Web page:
These are the UK coronavirus stories you need to know about today.
'Small, Short, Local Xmas'
Relaxation of lockdown over Christmas will continue despite yesterday's joint warning from the BMJ and HSJ. However, there's some confusion after today's ministerial statements.
Prime Minister Boris Johnson told the Commons the four UK nations had reached a "unanimous agreement" to keep the plans for three household mixing but said people should "exercise a high degree of personal responsibility".
Wales' First Minister Mark Drakeford recommended that only two households should meet. "A smaller Christmas is a safer Christmas and a shorter Christmas is a safer Christmas," he said.
He also announced another Wales-wide lockdown from December 28.
Scotland's First Minister Nicola Sturgeon also made a statement recommending people only get together on 1 of the 5 days, and not stay overnight unless it is unavoidable.
Mr Johnson later told a Downing Street news briefing: "Having looked at the latest data with our colleagues in the devolved administrations in Scotland, Wales, and Northern Ireland, we've decided that the overall situation is, alas, worse and more challenging than we'd hoped when we first set the rules."
The PM continued: "We are collectively, across the UK, governments at every level, asking you to think hard, and in detail about the days ahead, and whether you can do more to protect yourself and others. We're keeping the laws the same but we all want to send the same message."
He echoed the message about a smaller Christmas, adding: "Have yourself a merry little Christmas and I'm afraid this year, I do mean little."
Chief Medical Adviser Professor Chris Whitty added: "Keep it small. Keep it short. Keep it local."
When it came to the difference between the law and the guidance, "Just because you can doesn't mean you should," he said.
Wales later said the two household limit will become law not just guidance.
The BMA had requested a review of the plans, with Chair of Council, Dr Chaand Nagpaul, saying: "The health service and its staff are already being stretched to the limit as they care for those with COVID as well as trying to treat the tens of thousands of patients who have been waiting months for surgery. Add to this the usual winter pressures and the fact we have less beds than this time last year and we have a recipe for catastrophe."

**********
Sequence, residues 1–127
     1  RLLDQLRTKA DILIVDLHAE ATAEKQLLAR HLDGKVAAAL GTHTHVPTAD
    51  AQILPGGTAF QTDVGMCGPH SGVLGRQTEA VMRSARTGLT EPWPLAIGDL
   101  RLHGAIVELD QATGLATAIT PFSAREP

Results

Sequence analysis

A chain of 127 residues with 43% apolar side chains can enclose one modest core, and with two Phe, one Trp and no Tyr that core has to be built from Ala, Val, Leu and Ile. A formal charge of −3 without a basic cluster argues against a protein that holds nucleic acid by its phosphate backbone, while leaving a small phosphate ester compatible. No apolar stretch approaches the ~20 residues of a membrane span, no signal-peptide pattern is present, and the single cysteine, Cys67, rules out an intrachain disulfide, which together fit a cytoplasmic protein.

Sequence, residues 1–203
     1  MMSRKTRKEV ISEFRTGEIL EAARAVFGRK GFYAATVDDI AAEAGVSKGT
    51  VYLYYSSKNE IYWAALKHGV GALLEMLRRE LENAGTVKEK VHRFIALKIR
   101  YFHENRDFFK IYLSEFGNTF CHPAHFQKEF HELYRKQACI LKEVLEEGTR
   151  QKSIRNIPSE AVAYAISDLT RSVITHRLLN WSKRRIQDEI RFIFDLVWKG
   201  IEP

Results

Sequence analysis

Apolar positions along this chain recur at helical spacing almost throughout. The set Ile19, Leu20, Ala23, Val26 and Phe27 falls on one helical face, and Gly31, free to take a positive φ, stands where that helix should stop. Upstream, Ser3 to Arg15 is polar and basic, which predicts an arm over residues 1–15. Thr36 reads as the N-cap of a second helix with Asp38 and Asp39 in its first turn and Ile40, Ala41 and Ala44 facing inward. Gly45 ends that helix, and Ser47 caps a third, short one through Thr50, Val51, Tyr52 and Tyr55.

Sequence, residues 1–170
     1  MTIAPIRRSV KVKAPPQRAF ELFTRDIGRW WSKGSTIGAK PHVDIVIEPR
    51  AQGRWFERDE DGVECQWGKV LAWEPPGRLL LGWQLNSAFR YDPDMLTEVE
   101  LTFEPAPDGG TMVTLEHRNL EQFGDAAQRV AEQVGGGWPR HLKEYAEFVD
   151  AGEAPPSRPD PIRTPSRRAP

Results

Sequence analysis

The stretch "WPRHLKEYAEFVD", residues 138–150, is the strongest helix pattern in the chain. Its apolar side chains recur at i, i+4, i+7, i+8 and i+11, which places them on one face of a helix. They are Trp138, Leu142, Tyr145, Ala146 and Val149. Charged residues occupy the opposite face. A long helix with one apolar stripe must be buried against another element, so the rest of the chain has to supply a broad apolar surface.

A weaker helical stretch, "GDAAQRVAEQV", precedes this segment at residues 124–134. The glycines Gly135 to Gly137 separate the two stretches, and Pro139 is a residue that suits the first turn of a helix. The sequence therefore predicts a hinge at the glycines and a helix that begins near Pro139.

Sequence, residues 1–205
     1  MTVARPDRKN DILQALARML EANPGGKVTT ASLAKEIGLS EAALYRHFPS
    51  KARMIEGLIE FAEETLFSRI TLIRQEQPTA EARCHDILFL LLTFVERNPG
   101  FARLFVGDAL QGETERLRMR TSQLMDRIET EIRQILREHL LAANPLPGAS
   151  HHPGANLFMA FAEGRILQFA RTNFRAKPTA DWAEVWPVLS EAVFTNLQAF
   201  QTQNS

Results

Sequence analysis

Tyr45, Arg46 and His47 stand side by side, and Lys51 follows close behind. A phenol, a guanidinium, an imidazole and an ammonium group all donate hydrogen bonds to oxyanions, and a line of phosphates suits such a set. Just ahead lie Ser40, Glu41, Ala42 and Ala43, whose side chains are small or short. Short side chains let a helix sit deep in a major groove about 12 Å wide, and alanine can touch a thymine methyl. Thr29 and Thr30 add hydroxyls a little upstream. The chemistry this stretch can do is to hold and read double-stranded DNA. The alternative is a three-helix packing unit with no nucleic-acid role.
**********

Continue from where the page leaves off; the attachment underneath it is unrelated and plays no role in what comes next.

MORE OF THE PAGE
Vaccination 'Really Good Start'
The first week of COVID-19 vaccination saw 137,897 jabs carried out across the UK.
England: 108,000 jabs
Northern Ireland: 4000
Vaccines Minister Nadhim Zahawi said on Twitter that it was "a really good start" and that the number will increase "as we have operationalised hundreds of PCN (primary care networks)".
However, there have been reports of vaccination clinics being cancelled at short notice due to supply problems.
A report from the National Audit Office (NAO) looks at the Government's purchase of up to 267 million doses of five vaccines at an expected cost of £2.9 billion and rollout plans.
In England, it was estimated that 25m people could be vaccinated in 2021 "if and when, sufficient vaccine becomes available". That's just over half of the adult population of England (45.5m).
NAO Head Gareth Davies said: "Developing and securing an effective vaccine is central to reducing the impact of COVID-19 on society and saving lives. Government has worked quickly and effectively to secure access to potential vaccines, using the available information to make big decisions in an inherently uncertain environment.
"With one vaccine now approved for use and its rollout started, significant challenges remain. Efficient delivery to the UK population presents complex logistical challenges and requires excellent communication with the public."
BAME groups are less likely to want to have COVID-19 jabs, according to polling commissioned by the Royal Society for Public Health (RSPH).
Among BAME respondents, 57% were likely to accept a COVID-19 vaccine, compared to 79% of White respondents. Confidence was lowest among Asian ethnicity respondents (55%).
Overall, 76% of 2076 adults polled 4-6 December would have the jab if advised to do so by their GP or health professional but 8% were unlikely to do so.
Thirty-five percent of BAME respondents who were unwilling to be vaccinated said they would be likely to change their minds if given more information by their GP about how effective it is.